Leaving Titus Canyon, we bee-lined to the northern end of the Park for the 27 mile wash-board drive past Tea Kettle Junction and out to Racetrack Playa. The Playa is the site of mysterious moving rocks. Although no one has seen them move, the best theories are that strong winds (50 mph or more) push them across the slick lakebed mud when it is wet or frozen. We raced against the sunset, knowing that the rain forecast for the following day would end our chances to walk on the Playa for the duration of our stay (the Playa substrate is basically silt and when it is wet, walking on the Playa is forbidden because you will destroy the smooth surface). It’s fascinating to walk among the moving rocks, but also sad and maddening to see how unthinking/uncaring individuals have damaged the area. We witnessed tracks that were missing their rocks (so they had to have been stolen), people who had left debris in the rock tracks, and deep footprints of selfish individuals who had clearly disregarded the prohibition against entering the Playa when the mud is damp.
A few days later we said goodbye to Brandon & Kerensa as they headed toward the coast, but we weren’t ready to say goodbye to Death Valley yet. Since we had been concentrating on the northern and middle portions of the Park, we decided to head south. Eric found an off-road route in via Harry Wade Road which would take us through sand dunes south of Jubilee Pass. Our first adventure was a side trip to Saratoga Springs. I really didn’t expect so much standing water in a place known for its lack of rainfall and high evaporation rate, but topographic maps for the Park are littered with labels for springs. We reached the springs in late morning and didn’t see any birds or wildlife, but their blueness and the green vegetation around them was still an amazing sight. We then headed north along washboardy Harry Wade Road. As I was zipping along, my eye noticed a series of darker, regularly spaced bands that stood out from the sand around them. We made a quick u-turn and found a beautiful Mojave sidewinder! He/she was slightly miffed at having its sunbathing session disturbed and was rattling to voice displeasure at being so rudely awakened. The Mojave sidewinder only grows to a maximum of about 33′, and our fellow was about 28-30″ long. A rattlesnake adds a new bead on its rattle every time it sheds, and we counted 11 in addition to the bead. And look at the horns over those eyes! We watched as it ambled, sideways, up the berm and into the shade of a creosote bush. Even though I knew where it was I could hardly see it in the dappled shade of the bush. Awesome! Stay out of the road big guy, especially until the Super Bloom crowds leave the Park. We continued on through washes of bright yellow flowers, past fluffy white sand dunes, through Badwater Basin to the turn at Artist’s Drive. This short scenic drive is one of the more colorful in the Park, with minerals staining the soil varying shades of green, pink, lavender, and more shades of tan and ocher than you can imagine. We ended our day by driving up to Dante’s Peak for spectacular views of Badwater Springs and the salt flats. It was a fitting end to the day.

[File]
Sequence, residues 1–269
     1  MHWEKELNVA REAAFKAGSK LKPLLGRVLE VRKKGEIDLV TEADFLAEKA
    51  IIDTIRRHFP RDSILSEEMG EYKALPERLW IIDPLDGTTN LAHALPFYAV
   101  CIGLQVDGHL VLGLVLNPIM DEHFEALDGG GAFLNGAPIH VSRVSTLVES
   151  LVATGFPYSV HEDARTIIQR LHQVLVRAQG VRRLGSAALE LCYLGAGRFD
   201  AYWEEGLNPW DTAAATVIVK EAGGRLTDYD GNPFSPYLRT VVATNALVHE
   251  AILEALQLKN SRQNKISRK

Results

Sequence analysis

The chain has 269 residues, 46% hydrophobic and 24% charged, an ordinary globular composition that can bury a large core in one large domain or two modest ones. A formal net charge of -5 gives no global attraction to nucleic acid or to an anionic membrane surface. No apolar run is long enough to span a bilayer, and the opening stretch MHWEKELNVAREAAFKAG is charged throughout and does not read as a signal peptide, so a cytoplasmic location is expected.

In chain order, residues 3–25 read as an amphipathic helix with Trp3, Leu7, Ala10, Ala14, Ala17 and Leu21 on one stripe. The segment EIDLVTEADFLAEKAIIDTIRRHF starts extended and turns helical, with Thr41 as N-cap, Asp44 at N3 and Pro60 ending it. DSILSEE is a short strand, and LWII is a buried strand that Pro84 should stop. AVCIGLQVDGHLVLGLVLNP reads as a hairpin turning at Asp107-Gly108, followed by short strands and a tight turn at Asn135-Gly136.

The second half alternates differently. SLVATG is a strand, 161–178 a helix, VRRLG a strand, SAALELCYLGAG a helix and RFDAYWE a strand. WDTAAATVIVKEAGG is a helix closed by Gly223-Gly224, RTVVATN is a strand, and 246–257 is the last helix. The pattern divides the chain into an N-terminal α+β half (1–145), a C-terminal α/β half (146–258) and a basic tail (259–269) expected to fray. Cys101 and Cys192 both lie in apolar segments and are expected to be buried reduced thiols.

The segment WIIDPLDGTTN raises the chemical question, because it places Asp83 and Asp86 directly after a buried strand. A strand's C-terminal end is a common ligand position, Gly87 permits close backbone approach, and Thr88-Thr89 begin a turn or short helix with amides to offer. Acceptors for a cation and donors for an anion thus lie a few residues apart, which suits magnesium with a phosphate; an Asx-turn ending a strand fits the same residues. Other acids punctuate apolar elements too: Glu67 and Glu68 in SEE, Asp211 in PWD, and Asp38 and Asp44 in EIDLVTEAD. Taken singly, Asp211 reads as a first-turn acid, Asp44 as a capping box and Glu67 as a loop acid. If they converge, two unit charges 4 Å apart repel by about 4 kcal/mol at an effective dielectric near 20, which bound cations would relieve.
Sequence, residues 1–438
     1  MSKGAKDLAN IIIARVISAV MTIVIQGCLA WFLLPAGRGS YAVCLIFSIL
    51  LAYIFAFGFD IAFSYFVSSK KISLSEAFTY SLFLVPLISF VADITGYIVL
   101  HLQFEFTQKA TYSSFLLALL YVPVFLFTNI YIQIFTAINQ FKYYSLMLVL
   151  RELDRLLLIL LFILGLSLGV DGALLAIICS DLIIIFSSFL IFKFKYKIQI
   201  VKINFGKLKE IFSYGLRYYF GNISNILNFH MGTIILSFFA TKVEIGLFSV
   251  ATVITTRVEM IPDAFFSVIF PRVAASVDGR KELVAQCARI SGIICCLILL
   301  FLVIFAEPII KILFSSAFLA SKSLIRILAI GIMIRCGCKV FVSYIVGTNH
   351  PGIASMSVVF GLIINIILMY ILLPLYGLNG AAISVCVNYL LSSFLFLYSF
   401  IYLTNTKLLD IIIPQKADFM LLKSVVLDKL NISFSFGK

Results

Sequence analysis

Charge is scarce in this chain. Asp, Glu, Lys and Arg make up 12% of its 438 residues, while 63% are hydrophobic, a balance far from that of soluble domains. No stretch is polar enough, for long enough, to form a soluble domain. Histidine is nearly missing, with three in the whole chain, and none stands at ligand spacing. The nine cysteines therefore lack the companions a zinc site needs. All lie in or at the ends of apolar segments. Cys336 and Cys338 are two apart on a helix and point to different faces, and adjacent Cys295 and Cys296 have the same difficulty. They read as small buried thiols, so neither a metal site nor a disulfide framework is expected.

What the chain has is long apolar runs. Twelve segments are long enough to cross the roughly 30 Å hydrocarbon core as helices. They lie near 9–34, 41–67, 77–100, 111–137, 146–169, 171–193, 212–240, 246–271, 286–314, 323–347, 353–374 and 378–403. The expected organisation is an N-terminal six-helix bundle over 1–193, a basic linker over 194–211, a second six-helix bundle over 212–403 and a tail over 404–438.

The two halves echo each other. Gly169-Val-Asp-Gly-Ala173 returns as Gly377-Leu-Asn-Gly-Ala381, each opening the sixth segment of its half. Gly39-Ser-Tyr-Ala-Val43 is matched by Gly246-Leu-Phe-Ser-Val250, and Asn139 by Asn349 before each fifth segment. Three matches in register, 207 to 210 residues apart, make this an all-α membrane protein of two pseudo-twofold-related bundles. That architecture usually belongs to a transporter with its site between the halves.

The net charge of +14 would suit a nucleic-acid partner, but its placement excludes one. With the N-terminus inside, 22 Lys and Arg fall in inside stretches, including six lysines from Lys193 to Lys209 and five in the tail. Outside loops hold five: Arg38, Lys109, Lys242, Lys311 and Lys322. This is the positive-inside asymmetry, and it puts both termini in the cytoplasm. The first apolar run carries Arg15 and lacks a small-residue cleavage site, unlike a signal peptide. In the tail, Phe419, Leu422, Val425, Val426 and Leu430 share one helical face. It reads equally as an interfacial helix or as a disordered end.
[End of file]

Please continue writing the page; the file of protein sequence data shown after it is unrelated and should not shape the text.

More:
TIPS FOR YOUR DEATH VALLEY TRIP
- Even in the cooler winter months, take plenty of water and remember to drink it!
- The Park is huge and there aren’t many places to buy fuel, so plan ahead.
- Be on the lookout for snakes and scorpions, and don’t place your hands & feet anywhere unless you’ve looked and checked it out.
- During the winter months, make your reservations early!
- Don’t be
a D-bagcareless! Stay on designated trails and roads, don’t take home souvenirs other than your memories & photos, and follow all Park rules regarding resources!
THE MUST-SEE LIST
- Titus Canyon Road was probably our most enjoyable and scenic trip. Although it is not paved, any 2-wheel drive vehicle with decent clearance (like a Subaru Forester or small SUV) should be able to handle it. We saw Honda Accords on the road as well, but you should check with the Ranger Station for current road conditions if you want to be sure. The road is one-way and there aren’t many spots to turn around, so once you start you’re kind of committed.
- Racetrack Playa was mystical but the road in is rough. Check current road conditions with the Ranger Station.
- Artist’s Drive, Badwater Basin and Dante’s Peak are very scenic easy drives.
Continue scrolling if you need more flower or scenery pics, otherwise we’ll catch you with the next post. Thanks for reading!